• Cannot be applied to a dry product

Liposome

A liposome is a spherical vesicle created by a phospholipid bilayer with the center consisting of water or an aqueous solution. They are commonly used for drug delivery purposes since the lipid bilayer is very similar to that found in human cells. Drugs can be contained either in the aqueous center of the liposome (hydrophilic molecules) or within the lipid bilayer (hydrophobic molecules like CBD).  

Liposomes are similar to micelles and are usually composed of similar ingredients.

Pros:

  • “Clean label” and oil-free formulation (if naturally preserved)
  • Possible to combine CBD with water soluble actives that might otherwise be incompatible (caffeine, vitamins, etc.)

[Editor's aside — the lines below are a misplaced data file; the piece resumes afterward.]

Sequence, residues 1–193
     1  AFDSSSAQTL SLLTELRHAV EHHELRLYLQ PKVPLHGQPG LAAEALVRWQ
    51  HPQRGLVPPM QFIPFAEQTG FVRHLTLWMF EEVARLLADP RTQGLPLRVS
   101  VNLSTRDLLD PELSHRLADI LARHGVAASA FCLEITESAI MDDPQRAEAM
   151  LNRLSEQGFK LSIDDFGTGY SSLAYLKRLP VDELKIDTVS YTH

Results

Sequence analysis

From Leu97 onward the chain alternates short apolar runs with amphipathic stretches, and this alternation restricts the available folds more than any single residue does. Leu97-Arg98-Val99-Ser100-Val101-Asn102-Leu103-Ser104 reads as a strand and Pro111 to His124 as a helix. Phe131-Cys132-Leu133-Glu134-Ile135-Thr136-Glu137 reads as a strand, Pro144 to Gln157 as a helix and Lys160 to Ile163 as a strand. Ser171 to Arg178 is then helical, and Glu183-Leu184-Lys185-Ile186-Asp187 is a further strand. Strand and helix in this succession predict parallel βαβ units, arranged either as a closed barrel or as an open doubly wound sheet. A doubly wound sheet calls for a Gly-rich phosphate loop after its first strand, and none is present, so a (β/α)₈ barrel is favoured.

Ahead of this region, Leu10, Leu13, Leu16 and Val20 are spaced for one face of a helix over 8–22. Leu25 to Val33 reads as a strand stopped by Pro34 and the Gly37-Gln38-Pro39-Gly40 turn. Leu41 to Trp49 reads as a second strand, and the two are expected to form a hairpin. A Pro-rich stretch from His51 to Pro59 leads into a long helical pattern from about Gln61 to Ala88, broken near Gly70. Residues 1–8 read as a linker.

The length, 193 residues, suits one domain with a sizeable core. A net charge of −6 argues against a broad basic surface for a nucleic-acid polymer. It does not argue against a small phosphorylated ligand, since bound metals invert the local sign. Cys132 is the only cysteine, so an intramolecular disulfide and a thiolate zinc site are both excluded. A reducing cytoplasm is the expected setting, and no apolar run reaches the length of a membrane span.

• High absorption in the body

Cons:

  • Requires high energy to create the liposome containing CBD, typically high pressure emulsification
  • Cannot be applied to a dry product

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Scott Miller is an experienced chemist with expertise in formulation and analytical method development. Prior to joining Mile High Labs, he worked as a topical formulation scientist in the pharmaceutical industry and as a certified chromatography and mass spectrometry service engineer for multiple vendors. Scott leads Mile High’s consumer product formulation efforts.